Viewing 1 reply thread
  • Author
    • #18542

      A study aimed to test the ALS Functional Rating Scale-Revised (ALSFRS-R) progression rate (ΔFS) as a prognostic marker of survival.

      Both ΔFS’ and age were found to be strong predictors of survival.

      See the study information and its results:


    • #18545

      I was surprised (I am not an English native speaker) that age would be a strong predictor of ALS survivals.
      I have read countless studies that state the opposite.
      It turns out that in this article they found an inverse correlation:

      Dividing the ALS cohort by age, the median survival time was 40.2 months for younger (age < 65.2 years) as compared with 25.9 months for older patients (age ≥ 65.2 years).

      What is also surprising is that they did not check for patients’ weight. In other studies weight (and age) are both in inverse correlation with survival in ALS.
      There are many studies that found that the best BMI is 27, especially for women.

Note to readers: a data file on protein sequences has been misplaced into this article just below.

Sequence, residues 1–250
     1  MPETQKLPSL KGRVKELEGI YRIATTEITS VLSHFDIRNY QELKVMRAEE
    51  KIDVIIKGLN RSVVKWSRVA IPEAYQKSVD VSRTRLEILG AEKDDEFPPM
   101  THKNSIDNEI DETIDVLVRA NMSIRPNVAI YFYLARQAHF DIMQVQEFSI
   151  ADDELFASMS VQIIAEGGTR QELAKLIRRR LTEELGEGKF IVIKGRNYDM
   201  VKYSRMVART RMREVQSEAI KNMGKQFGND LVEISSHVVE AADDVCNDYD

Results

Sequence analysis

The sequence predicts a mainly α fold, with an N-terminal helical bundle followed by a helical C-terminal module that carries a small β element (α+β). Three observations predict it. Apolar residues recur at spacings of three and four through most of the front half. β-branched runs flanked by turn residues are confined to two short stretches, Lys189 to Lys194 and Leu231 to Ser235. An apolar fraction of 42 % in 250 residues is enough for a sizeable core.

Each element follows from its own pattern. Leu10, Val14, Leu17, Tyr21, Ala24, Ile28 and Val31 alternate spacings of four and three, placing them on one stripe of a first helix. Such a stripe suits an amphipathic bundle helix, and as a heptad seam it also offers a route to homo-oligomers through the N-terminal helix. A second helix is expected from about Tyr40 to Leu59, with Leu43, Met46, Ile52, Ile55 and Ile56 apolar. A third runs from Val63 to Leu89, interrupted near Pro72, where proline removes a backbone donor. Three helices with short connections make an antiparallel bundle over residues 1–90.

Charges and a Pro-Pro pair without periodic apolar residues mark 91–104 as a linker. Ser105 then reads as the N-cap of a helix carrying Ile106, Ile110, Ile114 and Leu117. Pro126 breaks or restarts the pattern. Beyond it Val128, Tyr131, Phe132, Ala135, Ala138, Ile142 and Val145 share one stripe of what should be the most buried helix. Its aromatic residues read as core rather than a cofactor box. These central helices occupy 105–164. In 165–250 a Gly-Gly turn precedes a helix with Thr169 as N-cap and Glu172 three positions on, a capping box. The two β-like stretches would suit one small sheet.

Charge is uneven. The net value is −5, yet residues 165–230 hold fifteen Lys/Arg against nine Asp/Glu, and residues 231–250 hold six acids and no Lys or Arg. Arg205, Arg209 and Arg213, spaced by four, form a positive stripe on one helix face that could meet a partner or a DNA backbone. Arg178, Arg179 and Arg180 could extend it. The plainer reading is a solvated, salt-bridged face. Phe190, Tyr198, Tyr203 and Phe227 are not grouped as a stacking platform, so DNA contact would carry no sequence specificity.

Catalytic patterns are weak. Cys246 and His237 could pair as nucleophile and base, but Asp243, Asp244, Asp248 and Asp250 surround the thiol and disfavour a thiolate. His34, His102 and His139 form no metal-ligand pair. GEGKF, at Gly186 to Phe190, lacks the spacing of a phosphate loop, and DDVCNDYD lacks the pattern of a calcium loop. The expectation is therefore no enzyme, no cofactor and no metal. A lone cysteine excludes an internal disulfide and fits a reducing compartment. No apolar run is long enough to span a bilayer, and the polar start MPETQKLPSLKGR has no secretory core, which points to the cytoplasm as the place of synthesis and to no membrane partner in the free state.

Yet another thing is that they made their calculation on 90 pALS. In the PRO-ACT database there are data about around 10,000 pALS (I studied it).

      Weight is so important in ALS that on my web site (padiracinnovation dot org) there is a calorie calculator for pALS. It uses the Kasarskis formula.

      Estimating daily energy expenditure in individuals with amyotrophic lateral sclerosis Edward J Kasarskis, Marta S Mendiondo, Dwight E Matthews, Hiroshi Mitsumoto, Rup Tandan, Zachary Simmons, Mark B Bromberg, Richard J Kryscio, for the ALS Nutrition/NIPPV Study Group


Viewing 1 reply thread
  • You must be logged in to reply to this topic.

©2022 KLEO Template a premium and multipurpose theme from Seventh Queen


We're not around right now. But you can send us an email and we'll get back to you, asap.


Log in with your credentials


Forgot your details?

Create Account